Glacier High pilot program focuses on at-risk students

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Twenty Glacier High School sophomores will begin the climb toward graduation and young adulthood through a new pilot program, called Ascent, funded through a two-year Montana Academy Foundation grant totaling $139,004.

Ascent will serve students who are dealing with behavioral or emotional issues and are at high risk of dropping out of school. Participating students will attend Ascent for one class period a day to learn and practice concepts such as goal setting, planning, organizing, teamwork and self-care.

“These students need time and a structured system to develop more maturity,” Glacier counselor Chris Weaks said to trustees during an April school board meeting, referencing Montana Academy’s view on why behavior can become a problem.

These concepts will be taught through hands-on experiences such as ropes courses, hiking or canoeing, community service, guest speakers and exposure to postsecondary education. Glacier staff members are spending the summer designing the curriculum.

“The big picture part of this is we want students to graduate; get them engaged and hooked into something they’re excited about coming to school,” Weaks said.

Parental involvement will be key to Ascent’s success. Parents will be invited to monthly meetings dubbed “Parent University,” to learn parenting skills and techniques while connecting with each other.

“We believe, and so does Montana Academy, you can’t solve the maturity issues with just the student in isolation, you have to bring the parents on board,” Weaks said.

Glacier staff will manage and oversee the program. The academy will serve in an advisory, consulting and training capacity.

Glacier Principal Micah Hill described Ascent as a hybrid of the academy’s therapeutic approach in the framework of a public high school education. The school is tasked with how to make the biggest impact within the limited time frame of a school day and school year, as opposed to 24/7 supervised setting of boarding school.

Hill and Weaks will coordinate the program. It will be taught by social worker Peter Carlson, who will serve as a life coach, Hill said. Carlson was initially hired by the district through a different grant called the Montana Support, Outreach and Access for the Resiliency of Students, which is entering it’s fifth and final year of funding.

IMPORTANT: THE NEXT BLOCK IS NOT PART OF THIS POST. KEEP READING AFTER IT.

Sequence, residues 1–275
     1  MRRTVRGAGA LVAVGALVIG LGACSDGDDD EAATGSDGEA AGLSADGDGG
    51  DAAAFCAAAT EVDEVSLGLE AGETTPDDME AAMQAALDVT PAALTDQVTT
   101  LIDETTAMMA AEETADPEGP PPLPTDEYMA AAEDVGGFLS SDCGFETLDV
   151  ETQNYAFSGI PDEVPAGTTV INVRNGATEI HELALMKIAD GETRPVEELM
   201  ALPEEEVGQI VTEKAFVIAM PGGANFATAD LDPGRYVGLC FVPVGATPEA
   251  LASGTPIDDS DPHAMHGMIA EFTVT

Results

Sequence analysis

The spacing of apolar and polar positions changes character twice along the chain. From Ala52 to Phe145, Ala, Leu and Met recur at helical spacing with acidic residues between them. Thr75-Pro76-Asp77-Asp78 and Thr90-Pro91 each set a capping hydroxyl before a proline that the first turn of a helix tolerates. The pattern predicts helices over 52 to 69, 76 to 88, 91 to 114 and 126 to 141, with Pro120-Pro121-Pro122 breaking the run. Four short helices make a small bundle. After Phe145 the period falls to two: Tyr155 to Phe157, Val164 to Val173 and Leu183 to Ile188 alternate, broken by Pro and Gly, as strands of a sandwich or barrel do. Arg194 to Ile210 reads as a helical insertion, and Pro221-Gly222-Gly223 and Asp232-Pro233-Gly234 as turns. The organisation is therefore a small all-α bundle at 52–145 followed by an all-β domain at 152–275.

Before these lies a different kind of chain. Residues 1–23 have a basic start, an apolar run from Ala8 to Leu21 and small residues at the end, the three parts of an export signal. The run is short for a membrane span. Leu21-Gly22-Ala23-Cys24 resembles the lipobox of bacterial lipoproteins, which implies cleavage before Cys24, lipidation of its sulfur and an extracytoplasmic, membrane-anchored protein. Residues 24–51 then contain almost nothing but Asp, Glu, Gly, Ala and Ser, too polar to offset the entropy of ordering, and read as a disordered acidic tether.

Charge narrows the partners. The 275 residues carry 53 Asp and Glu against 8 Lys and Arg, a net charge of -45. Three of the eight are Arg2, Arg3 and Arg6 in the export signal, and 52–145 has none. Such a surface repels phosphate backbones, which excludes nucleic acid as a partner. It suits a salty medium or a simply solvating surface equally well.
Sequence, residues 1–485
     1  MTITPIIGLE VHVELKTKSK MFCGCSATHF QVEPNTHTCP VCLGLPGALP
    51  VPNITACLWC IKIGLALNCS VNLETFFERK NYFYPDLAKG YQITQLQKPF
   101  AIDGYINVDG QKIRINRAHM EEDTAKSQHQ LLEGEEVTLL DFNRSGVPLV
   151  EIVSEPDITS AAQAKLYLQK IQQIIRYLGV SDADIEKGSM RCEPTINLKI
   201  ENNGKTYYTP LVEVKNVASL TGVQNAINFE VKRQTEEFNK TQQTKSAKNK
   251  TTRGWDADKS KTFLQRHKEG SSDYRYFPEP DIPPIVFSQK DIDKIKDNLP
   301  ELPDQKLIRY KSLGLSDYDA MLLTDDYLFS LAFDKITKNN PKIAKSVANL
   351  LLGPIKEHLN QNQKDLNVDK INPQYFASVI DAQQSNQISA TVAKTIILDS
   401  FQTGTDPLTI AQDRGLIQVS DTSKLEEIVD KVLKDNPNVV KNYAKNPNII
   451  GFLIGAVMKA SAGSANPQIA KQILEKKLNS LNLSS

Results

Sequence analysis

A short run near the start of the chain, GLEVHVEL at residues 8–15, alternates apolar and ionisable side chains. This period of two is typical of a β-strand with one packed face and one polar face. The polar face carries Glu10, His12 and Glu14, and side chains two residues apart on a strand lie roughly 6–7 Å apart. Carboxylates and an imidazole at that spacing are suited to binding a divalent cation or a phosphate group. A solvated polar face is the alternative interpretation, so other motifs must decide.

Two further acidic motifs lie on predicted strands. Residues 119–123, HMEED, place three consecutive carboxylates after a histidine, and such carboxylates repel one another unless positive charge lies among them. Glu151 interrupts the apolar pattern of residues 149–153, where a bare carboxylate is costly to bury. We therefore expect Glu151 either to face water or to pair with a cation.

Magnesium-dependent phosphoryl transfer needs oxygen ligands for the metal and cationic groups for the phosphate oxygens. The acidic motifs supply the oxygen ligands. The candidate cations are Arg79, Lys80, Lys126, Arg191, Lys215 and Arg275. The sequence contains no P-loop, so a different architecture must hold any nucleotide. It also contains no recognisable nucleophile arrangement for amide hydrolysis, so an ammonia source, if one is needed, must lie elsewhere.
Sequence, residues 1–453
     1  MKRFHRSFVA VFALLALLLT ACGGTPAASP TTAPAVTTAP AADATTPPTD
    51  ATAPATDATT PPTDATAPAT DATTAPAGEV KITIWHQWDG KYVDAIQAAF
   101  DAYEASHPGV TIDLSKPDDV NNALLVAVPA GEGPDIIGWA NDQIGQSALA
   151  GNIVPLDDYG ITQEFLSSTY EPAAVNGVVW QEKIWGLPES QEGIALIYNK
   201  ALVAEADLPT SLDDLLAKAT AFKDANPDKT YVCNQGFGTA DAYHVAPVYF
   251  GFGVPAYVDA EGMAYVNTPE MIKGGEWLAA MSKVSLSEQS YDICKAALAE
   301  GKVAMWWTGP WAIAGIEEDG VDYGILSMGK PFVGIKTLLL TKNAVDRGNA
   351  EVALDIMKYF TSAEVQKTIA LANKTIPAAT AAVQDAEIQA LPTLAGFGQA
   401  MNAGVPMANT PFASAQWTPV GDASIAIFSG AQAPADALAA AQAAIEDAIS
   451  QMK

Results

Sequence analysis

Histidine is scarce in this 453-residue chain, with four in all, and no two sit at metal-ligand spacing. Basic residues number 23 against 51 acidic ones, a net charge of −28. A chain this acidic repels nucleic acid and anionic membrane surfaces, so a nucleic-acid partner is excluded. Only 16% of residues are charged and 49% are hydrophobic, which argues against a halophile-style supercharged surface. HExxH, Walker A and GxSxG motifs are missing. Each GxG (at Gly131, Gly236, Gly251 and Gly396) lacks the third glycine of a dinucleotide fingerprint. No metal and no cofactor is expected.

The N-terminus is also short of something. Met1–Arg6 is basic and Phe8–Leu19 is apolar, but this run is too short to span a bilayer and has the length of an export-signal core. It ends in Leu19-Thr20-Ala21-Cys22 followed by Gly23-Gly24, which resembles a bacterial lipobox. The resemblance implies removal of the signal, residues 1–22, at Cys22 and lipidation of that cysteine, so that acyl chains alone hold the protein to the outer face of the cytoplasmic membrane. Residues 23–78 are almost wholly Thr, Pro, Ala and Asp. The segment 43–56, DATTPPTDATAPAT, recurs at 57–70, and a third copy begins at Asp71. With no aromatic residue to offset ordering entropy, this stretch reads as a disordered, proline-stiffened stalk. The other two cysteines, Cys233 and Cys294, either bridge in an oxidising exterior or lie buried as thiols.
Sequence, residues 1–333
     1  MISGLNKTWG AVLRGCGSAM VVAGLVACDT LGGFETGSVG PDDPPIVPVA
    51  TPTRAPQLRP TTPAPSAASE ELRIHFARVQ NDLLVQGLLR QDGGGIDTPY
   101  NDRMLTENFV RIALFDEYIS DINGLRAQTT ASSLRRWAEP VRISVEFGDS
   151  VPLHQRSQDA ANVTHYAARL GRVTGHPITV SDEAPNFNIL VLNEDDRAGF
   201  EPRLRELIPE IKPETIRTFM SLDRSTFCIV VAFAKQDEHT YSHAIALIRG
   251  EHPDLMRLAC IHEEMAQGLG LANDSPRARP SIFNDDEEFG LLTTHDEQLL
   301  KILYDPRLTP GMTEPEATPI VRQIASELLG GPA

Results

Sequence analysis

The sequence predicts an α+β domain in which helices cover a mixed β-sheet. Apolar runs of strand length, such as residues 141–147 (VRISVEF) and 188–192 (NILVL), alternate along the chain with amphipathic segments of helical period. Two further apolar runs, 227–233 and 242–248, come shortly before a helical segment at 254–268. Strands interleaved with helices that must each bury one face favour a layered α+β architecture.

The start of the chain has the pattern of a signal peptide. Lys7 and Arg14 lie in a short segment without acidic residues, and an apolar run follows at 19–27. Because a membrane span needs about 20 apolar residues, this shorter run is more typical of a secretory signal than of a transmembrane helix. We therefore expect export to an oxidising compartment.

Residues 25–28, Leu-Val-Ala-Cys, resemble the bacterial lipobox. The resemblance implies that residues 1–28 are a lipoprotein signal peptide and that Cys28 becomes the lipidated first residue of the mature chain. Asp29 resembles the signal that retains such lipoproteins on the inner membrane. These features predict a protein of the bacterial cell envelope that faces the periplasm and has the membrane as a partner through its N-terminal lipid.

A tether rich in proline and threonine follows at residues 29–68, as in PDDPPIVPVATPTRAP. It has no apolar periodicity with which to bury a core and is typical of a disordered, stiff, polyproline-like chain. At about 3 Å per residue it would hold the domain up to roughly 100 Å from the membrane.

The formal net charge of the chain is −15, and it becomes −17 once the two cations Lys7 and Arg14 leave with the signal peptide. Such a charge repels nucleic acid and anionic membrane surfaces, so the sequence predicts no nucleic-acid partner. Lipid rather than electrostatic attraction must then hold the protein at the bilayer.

Montana Academy co-founders and CEO’s Dr. John McKinnon and John Santa will share a spot on the advisory board that will include Montana Academy Foundation vice-president Dr. Tom Bertolli, Kalispell Public Schools Superintendent Mark Flatau and a school board trustee.

This is not the first time the school district has received a grant from the foundation and worked with Montana Academy to develop a high school program.

One of the areas supported by the Marion-based foundation is research — specifically on “adolescent maturation and the consequences of delayed or interrupted maturation,” in exploring “why and how children fall into self-destructive patterns,” and funding “further demonstration projects that attempt to apply those principles to real world situations,” according to Montana Academy.

Dennis Hartzell, executive director of Montana Academy Foundation, said the nonprofit is always looking at opportunities to apply the academy’s therapeutic model of helping teens in a non-residential, “real world,” setting. If Ascent is successful, Hartzell said the idea is to replicate it in other high schools.

In the 2014-15 school year, the foundation funded a one-year pilot program called Promise Academy, which was taught by a former Montana Academy teacher. There are similarities with Promise Academy and what Ascent is trying to achieve. In the Promise Academy, students who were at risk of dropping out were asked to attend a semester-long class that worked on academic accountability and emotional growth through team-building and trust-building activities in addition to parental involvement. When grant funding ran out, the program was discontinued.

Flathead Principal Michele Paine was an assistant principal at the time.

“It has led us to think about how we support our struggling students a little bit better,” Paine said. “It’s just hard to land on what is the absolute best thing to do and make the biggest impact on kids — and be able to fund it and afford it.”

Sustaining a program once grant funding runs out concerns the school board. Trustees approved Ascent with the understanding that district money may not be available to sustain the program.

“All these programs are good. There’s no question about it, but at some point what are we going to sacrifice to make this work,” trustee Frank Miller said at the April board meeting.

Kalispell Superintendent Mark Flatau noted from a financial standpoint, retaining students translates to retaining the state funding tied to the cost of educating student. Flatau said if data at the end of the two-year grant demonstrates significant success in capturing at-risk students, who then experience greater academic success, finding the funding might be worth it.

Reporter Hilary Matheson may be reached at 758-4431 or

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